Query (Me änkieli)

jphakkin at mappi.helsinki.fi jphakkin at mappi.helsinki.fi
Wed Oct 31 23:54:03 UTC 2012

> To say that one SHOULD IGNORE peripheral dialects in deciding whether
> Swedish and Norwegian are separate languages (because "the "nucleus"
> Swedish is clearly a separate language") and then to say that we
> CANNOT IGNORE the peripheral Far-Bothnian dialects of Finnish in
> deciding that Meänkieli is NOT a separate language is a bit
> inconsistent.

Good point! However, not accurate in this situation: my point was that  
the case of Meänkieli vs. Finnish is different from the case of  
Swedish vs. Norwegian.

In the latter case we have two different vernaculars (developed from  
the common protolanguage), which then have developed mixed dialects  
between them. Similar to that is the case of Finno-Karelian dialect  
continuum (mentioned by Aikio & Arola): we have two different core  
vernaculars (developed from the common protolanguage), Old Tavastian /  
Old West Finnish versus Old Karelian, and then mixed/intermediary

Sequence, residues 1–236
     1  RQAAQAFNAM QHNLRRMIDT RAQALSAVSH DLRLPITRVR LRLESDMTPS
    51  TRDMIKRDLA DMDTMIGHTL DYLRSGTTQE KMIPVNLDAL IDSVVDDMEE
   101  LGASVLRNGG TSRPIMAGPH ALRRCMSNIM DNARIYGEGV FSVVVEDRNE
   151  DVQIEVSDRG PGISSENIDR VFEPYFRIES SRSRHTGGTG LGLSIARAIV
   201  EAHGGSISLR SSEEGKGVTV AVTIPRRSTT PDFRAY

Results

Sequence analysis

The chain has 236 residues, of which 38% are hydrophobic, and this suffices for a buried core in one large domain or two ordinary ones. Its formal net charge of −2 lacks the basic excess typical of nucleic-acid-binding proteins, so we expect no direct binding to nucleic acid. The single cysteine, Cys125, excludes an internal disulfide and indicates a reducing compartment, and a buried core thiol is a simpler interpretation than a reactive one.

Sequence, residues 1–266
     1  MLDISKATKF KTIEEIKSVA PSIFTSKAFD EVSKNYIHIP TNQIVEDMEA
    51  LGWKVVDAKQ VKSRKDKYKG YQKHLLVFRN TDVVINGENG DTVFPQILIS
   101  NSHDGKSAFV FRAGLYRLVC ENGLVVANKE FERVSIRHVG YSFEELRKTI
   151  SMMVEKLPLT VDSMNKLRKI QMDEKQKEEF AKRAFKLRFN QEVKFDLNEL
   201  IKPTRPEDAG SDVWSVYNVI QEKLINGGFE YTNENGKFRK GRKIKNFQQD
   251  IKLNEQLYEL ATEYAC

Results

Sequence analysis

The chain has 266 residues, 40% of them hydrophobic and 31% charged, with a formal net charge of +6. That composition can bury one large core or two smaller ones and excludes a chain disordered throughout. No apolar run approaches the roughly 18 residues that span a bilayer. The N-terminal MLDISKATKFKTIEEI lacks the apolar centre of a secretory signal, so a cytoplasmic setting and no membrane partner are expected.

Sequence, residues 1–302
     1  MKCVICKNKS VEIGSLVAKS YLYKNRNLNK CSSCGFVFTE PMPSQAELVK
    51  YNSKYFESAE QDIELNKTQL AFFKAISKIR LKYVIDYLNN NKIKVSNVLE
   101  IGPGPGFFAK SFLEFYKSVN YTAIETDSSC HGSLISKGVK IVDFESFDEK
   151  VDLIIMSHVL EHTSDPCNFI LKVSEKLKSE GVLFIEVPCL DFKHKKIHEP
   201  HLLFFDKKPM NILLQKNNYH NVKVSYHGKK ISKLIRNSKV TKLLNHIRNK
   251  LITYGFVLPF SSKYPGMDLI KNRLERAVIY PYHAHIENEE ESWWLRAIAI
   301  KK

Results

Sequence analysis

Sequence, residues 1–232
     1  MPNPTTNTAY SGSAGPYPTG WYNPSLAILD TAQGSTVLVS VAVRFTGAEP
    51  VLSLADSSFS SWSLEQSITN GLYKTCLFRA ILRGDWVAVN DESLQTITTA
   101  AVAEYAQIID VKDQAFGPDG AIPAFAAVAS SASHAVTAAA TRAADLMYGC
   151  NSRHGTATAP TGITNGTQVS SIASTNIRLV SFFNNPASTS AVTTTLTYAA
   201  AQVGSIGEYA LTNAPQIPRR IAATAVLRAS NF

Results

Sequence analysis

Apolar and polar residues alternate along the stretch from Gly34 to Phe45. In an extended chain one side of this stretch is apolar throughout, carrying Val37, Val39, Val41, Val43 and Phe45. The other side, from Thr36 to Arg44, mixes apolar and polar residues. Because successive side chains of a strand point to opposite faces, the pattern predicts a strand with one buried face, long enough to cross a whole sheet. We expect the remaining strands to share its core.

dialects developed between them.

The important thing here is that the mixed/intermediary dialects are  
SECONDARY; I take it that neither you nor Aikio & Arola refute the  
PRIMARY existence of the mentioned old dialects, or Old Swedish vs.  
Old Norwegian.

In the case of Meänkieli versus Finnish we do not have that kind of  
parallel status of two sister vernaculars developing from the common  
protolanguage. Instead we have a situation where one part (that which  
remains in Sweden) of one secondary dialect group (Far-Bothnian  
dialects) claims an independent status. It would be a similar  
situation if the Uppland dialect of Sveamål claimed a status as a  
language of its own, if it was separated by a state border from the  
rest of Sveamål. That kind of claim would be political and has nothing  
to do with the linguistic reality. (ACHTUNG! I do not deny the  
independent status of Meänkieli! I only emphasize that this status is  
sociological, not linguistic in nature.)

> Also, length of time since separation does not, in an of itself,
> determine whether two languages should be considered as separate or
> not (if it did, then we would probably all be doing glottochronology
> still!).